I have been writing code for 25 years.
Along the way, I have done all sorts of things to try to get better:
- Read a ton of O'Reilly and Pragmatic Programer books
- Watched a bunch of screencasts
- Contributed to open source
And all of these things helped me a ton.
But if I had to start all over again (as a beginner), this is the simple framework I wish I had for learning a new programming language:
Step 1: Find a problem or domain you already know
You don't want to mix trying to learn a new language with trying to learn a new problem or domain. So either pick a problem you've recently solved in your current language or a domain that you know well (e.g. to-do app, tic-tac-toe, Conway's Game of Life)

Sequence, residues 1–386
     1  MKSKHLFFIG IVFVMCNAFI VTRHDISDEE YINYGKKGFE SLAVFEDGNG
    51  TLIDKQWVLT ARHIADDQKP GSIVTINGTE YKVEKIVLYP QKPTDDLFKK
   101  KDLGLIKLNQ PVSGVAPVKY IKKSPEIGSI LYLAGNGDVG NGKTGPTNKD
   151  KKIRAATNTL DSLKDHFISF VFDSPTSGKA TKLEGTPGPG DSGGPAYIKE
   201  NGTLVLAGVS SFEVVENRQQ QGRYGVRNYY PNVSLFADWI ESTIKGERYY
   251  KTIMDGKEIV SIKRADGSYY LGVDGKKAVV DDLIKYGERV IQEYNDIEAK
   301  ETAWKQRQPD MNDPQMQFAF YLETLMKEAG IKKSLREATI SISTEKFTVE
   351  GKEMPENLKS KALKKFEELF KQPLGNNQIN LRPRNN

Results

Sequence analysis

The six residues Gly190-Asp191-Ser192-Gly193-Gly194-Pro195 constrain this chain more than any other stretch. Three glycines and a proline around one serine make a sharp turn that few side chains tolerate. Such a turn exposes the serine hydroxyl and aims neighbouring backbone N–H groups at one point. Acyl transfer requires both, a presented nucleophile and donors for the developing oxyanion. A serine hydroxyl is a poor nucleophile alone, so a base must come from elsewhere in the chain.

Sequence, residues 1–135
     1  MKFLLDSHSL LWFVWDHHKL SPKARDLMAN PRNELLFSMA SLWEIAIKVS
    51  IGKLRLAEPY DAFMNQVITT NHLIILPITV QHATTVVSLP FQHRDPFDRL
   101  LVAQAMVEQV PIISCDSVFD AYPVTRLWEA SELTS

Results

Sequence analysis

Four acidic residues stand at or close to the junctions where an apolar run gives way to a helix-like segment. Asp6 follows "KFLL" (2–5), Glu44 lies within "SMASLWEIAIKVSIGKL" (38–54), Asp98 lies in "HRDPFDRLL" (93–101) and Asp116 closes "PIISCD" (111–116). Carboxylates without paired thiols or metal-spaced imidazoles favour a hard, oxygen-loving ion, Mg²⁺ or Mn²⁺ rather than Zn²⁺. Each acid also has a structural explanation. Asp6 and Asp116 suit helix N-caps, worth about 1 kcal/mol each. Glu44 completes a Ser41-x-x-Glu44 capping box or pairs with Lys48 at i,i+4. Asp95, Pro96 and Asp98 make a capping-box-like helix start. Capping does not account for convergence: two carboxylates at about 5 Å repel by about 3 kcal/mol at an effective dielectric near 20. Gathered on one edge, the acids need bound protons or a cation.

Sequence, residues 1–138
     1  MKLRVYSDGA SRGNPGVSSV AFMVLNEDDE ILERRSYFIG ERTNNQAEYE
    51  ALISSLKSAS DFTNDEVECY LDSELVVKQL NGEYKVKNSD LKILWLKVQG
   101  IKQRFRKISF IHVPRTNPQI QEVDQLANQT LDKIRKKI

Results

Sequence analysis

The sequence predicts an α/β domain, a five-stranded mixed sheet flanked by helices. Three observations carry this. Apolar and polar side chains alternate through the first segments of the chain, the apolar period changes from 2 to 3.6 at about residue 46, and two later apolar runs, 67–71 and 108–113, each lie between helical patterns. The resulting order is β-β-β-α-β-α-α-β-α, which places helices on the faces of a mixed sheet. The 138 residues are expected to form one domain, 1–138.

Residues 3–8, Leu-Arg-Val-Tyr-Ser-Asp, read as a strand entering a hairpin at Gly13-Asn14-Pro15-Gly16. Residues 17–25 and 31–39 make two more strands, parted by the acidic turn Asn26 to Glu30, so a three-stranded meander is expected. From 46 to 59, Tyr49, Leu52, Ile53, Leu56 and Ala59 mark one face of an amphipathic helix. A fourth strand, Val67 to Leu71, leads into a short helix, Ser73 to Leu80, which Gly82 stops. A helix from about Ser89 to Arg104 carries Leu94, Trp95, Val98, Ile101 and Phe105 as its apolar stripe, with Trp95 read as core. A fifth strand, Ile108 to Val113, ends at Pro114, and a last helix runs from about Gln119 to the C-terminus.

Step 2: Implement a solution with the new language
Do your best to implement a solution to the problem with the new language or framework. And don't get hung up on the "right" or "idiomatic" way to do it, just make it work. It's going to feel like you're fighting against the language, but just keep going.
Step 3: Write step by step instructions for your former self
Imagine you had a list of step by step instructions explaining how you solved the problem in the new language and why you chose to do it that way. Would have been pretty helpful, right?
Now go write that list of instructions detailing each step you took along the way and most importantly WHY you did it that way. You'll start to understand what else you need to learn about the new language.
And when you're starting out, that's all that matters.